Editor’s note: This story has been updated to remove unverified data regarding the number of full-service restaurants that were impacted by Seattle’s secure scheduling ordinance.

OLYMPIA — Washington state could follow Seattle in passing a bill mandating that certain store and restaurant workers are given at least two-weeks notice of their schedules and at least 10-hour rests between closing and opening shifts.

Senate Bill 5717, sponsored by Sen. Rebecca Saldaña, D-Seattle, is geared toward reducing burnout and protecting workers who may have to balance child care or other responsibilities with work.

At public testimony last week, Saldaña, who introduced the legislation last year, said that after conversations with business owners, it became “very clear that [they] were not going to say yes or be supportive.”

Many of those who testified spoke of burnout due to “clopening shifts,” when employees are asked to work a closing shift followed by an early-morning opening shift a few hours later.

Clare Thomas of Seattle told lawmakers that before the city passed its secure scheduling ordinance in 2016, she would be given her schedule three days in advance, and would be asked to work back-to-back “clopening shifts.”


“Essentially I would not be able to see my 1-year-old daughter for three days,” Thomas said.

One man told the committee that while he was experiencing homelessness in Bremerton, the Starbucks where he worked would give him his schedule two days in advance. A secured scheduling law would have given him the predictability necessary to find stable housing, he said.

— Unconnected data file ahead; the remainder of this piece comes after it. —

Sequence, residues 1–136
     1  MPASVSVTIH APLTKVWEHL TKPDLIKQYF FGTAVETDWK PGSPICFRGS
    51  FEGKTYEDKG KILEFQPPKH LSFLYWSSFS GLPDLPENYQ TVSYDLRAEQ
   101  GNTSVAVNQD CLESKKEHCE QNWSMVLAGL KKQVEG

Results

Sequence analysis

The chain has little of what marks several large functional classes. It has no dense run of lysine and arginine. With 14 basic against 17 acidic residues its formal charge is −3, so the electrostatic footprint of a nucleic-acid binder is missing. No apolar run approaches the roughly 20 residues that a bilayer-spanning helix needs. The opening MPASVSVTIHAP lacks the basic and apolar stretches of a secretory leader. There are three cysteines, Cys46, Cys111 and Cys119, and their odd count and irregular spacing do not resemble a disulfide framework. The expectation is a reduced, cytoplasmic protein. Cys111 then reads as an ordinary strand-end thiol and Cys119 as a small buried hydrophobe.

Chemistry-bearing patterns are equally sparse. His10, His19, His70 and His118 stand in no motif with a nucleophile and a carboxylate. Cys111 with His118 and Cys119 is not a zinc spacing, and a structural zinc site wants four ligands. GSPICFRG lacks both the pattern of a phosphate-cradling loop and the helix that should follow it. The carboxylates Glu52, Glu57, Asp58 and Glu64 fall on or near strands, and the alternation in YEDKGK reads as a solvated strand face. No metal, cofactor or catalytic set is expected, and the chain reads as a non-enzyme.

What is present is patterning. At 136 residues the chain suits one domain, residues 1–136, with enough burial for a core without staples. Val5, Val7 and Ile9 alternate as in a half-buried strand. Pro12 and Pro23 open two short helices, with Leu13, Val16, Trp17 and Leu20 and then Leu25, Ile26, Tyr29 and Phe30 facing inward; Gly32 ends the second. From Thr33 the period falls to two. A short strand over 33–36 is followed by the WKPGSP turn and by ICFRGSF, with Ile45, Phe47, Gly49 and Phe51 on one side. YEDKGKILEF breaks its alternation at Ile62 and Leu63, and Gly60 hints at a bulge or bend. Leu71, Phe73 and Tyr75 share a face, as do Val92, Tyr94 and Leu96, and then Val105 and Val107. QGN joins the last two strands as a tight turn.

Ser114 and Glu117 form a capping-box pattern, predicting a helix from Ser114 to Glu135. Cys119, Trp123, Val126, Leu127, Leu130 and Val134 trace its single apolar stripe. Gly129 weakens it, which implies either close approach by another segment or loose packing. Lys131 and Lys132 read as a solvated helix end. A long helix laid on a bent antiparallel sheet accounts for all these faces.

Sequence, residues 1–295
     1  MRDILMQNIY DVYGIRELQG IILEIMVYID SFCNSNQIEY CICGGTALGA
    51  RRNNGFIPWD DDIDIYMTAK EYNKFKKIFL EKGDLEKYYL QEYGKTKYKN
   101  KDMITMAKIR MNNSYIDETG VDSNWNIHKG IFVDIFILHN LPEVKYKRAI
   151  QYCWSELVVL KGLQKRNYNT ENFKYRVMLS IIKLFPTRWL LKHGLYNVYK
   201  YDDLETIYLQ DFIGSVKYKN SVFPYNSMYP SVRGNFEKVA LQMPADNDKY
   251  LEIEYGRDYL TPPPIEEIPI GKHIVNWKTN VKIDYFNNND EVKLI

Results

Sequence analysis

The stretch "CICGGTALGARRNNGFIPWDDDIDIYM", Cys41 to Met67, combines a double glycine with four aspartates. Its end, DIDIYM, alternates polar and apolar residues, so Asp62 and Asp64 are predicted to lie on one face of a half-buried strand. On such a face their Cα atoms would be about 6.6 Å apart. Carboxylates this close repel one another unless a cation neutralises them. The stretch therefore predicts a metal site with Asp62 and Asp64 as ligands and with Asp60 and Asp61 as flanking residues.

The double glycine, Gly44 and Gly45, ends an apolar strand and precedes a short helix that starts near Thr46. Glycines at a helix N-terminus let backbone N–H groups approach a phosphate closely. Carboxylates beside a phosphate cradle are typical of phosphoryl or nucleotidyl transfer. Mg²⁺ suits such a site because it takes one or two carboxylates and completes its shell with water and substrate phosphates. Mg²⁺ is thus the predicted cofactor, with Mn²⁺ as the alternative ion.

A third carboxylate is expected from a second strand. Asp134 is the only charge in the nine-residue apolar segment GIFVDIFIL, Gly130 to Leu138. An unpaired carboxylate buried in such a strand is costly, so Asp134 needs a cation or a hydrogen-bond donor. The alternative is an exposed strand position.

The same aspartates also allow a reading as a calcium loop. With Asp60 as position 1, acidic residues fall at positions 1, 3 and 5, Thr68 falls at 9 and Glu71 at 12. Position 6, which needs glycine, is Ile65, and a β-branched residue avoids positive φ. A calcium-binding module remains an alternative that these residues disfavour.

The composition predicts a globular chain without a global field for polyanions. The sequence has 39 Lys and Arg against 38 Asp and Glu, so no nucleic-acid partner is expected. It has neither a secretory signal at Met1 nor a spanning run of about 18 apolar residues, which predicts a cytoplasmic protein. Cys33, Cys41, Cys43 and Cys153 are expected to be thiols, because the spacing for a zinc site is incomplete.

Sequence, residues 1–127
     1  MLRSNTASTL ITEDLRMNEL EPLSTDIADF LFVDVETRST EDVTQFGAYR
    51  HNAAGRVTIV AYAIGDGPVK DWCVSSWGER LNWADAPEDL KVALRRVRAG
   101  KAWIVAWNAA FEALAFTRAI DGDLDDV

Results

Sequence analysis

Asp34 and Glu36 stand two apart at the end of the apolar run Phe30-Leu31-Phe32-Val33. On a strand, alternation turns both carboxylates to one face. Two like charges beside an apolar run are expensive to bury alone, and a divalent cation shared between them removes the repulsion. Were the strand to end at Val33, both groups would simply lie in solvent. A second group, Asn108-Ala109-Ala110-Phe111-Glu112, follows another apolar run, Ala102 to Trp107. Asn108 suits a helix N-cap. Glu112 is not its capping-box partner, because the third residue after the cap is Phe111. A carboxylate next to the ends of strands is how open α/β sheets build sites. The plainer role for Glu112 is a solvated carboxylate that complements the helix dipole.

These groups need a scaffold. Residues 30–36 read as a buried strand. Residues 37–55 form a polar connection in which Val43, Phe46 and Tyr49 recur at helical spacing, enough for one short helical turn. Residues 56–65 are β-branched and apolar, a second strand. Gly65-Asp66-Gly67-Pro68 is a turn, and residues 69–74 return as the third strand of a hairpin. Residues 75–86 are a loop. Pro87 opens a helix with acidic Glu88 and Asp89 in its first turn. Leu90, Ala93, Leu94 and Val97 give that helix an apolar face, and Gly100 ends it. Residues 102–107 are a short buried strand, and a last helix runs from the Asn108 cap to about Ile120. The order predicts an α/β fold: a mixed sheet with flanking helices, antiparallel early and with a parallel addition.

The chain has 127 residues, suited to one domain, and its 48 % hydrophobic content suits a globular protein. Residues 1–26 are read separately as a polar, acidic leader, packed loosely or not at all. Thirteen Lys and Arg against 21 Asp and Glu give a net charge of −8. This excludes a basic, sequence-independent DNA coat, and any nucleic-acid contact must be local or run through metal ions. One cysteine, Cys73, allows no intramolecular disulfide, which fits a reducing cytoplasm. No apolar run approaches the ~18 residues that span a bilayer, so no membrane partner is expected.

Brian Hoorn, a retail worker from Bellingham, testified that unpredictable schedules and last-minute changes have caused financial turmoil, and have alienated him from friends and family.

“I know secure scheduling is feasible because I’ve worked for employers who have done it,” Hoorn said.

Seattle’s secure scheduling ordinance, which cited research that “the lowest income workers face the most irregular schedules,” was widely recognized as complicated and difficult for employers to implement. Some employers required entirely new software to schedule shifts, and many businesses complained about new restrictions and increased compensation owed to employees whose schedules are changed last-minute.

A University of Washington study found that the Seattle law, a year after implementation, was effective in providing workers with their schedules in a timely manner. Additionally, the number of employees who were paid extra for sudden shift changes more than doubled.


In 2016, a major opponent of the city ordinance was the Full-Service Workers Alliances. FSWA is opposed to a statewide bill as well, arguing that restaurants often can’t predict customer flow. FSWA co-founders Simone Barron and Sean Beavers urged lawmakers to exempt full-service restaurants because their customer flow may be affected by game results or weather, and therefore rely on call-on and call-off shifts.

Several restaurant workers similarly testified against the bill, saying flexibility is a benefit of working in food service.

Like Seattle’s ordinance, Sen. Saldaña’s bill would  only affect full-service restaurants with 40 or more locations worldwide, and would exempt temporary service contractors and any business with less than 250 employees.

SB 5717 has not yet been scheduled for a committee vote.